Southern Dream Towns
From lakeside retreats to coastal gems, our guide to the best small-town hideaways
Beaufort, South Carolina
Discover this riverside Lowcountry jewel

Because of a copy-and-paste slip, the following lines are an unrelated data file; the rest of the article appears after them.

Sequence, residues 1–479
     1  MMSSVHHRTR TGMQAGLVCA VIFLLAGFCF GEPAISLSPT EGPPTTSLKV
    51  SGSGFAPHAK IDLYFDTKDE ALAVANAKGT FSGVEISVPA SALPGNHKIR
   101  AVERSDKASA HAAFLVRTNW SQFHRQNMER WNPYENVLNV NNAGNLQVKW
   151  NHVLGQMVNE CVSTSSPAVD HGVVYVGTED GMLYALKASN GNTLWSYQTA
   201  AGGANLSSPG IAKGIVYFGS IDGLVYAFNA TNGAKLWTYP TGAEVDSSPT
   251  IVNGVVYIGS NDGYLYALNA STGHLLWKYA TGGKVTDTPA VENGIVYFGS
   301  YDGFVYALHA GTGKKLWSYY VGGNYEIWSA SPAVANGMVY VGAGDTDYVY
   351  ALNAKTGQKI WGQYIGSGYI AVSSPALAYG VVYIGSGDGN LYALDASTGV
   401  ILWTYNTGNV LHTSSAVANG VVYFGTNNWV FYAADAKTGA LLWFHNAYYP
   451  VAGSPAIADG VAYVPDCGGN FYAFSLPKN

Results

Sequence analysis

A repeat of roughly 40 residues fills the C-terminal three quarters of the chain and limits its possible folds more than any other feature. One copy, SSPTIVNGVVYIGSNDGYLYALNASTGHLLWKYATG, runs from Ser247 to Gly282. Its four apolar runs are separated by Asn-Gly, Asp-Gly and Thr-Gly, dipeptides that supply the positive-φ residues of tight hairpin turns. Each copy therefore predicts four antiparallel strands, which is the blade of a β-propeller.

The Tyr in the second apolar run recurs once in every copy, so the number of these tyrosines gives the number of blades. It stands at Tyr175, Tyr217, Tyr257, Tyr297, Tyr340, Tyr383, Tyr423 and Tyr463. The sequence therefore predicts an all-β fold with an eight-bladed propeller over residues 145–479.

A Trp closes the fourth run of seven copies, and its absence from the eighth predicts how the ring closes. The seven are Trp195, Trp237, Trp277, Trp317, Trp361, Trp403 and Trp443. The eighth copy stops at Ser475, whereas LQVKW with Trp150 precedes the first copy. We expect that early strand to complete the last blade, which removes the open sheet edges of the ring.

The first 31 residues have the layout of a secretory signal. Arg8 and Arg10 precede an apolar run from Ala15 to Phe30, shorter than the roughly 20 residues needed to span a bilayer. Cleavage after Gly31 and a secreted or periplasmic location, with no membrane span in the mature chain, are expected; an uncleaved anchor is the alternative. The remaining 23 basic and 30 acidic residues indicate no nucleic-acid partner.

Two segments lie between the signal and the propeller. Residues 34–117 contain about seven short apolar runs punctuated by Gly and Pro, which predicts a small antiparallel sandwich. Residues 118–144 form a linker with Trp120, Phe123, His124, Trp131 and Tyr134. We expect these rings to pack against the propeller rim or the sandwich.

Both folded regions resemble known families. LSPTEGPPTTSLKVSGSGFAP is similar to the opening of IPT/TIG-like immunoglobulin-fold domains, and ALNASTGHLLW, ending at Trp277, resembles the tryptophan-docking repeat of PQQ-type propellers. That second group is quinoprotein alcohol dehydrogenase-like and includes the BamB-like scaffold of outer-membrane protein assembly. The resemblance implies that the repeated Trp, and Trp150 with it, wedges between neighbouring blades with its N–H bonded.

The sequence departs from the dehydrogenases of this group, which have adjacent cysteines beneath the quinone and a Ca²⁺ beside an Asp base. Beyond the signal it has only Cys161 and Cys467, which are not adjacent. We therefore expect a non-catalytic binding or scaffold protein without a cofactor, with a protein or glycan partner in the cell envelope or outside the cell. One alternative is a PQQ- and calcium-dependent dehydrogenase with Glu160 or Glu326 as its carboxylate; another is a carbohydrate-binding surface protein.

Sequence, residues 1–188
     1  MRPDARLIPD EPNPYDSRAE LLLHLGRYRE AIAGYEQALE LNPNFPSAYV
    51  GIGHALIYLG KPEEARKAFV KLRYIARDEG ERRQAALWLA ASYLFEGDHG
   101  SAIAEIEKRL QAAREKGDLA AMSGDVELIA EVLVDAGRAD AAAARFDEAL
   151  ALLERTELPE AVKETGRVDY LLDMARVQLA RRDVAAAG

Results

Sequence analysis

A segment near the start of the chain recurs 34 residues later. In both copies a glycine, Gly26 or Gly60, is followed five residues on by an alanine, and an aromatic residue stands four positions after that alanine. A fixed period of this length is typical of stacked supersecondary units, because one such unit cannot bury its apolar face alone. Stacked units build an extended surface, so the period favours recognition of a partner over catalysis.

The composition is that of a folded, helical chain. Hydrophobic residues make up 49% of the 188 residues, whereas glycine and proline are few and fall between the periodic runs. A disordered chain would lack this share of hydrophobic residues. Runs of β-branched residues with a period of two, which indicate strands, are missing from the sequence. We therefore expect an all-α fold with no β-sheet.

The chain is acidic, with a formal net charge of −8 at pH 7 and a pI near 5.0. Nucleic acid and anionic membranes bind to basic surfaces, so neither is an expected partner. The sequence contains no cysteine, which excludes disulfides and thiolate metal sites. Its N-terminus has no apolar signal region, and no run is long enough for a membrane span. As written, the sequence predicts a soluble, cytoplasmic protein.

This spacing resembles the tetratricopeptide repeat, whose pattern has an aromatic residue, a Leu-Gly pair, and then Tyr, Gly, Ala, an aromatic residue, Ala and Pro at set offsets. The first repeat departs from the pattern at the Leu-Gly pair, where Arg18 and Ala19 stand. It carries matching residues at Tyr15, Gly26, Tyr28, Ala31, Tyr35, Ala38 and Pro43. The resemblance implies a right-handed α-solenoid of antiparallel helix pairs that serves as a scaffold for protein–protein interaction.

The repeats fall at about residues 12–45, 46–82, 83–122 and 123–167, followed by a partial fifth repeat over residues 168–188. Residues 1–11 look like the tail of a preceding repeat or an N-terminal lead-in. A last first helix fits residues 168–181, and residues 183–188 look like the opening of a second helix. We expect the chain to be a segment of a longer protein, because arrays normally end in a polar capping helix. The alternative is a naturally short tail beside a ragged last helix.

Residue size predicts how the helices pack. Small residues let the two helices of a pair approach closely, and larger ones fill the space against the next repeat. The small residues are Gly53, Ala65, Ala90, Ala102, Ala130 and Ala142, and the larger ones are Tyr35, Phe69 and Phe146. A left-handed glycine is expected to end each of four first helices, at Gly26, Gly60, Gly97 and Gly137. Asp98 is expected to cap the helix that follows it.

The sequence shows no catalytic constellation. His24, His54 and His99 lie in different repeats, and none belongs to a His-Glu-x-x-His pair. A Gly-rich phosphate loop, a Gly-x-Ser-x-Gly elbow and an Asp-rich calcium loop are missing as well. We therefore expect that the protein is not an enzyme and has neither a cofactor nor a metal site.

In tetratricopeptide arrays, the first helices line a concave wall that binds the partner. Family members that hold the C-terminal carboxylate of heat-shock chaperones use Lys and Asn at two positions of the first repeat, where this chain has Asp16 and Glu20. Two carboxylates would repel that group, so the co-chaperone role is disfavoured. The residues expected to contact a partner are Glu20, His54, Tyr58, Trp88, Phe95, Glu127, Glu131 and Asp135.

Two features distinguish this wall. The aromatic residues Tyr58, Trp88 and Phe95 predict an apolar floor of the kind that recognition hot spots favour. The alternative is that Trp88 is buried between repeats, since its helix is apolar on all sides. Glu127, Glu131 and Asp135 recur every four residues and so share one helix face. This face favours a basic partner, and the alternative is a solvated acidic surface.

Why You Should Move Here Linger a while in Beaufort’s Waterfront Park and you’ll appreciate firsthand how a great, inviting public space can help revive a community. On any given day, moored sloops decorate the harbor, palmetto fronds clack in the breeze, and a late-afternoon round of mojitos at Saltus River Grill, one of the patioed eateries embracing the water, sounds like just the ticket. It rarely takes long for visitors to fall for this sultry charmer of a town, a small-plate counterpart to Charleston’s all-you-can-eat Lowcountry banquet. A stroll among Bay Street’s galleries and bookshops (no better place to find a Gullah Bible or an autographed Pat Conroy novel) usually starts the infatuation. By the time you meander through the hushed lanes of the adjacent Old Point neighborhood, gawking at block after block of grandly renovated antebellum homes under towering magnolias and moss-haunted live oaks, the hook is firmly set. When a screenplay calls for Southern and gorgeous, Hollywood location scouts have long known where to find it (see The Big Chill, Forrest Gump, and any film based on anything written by Conroy).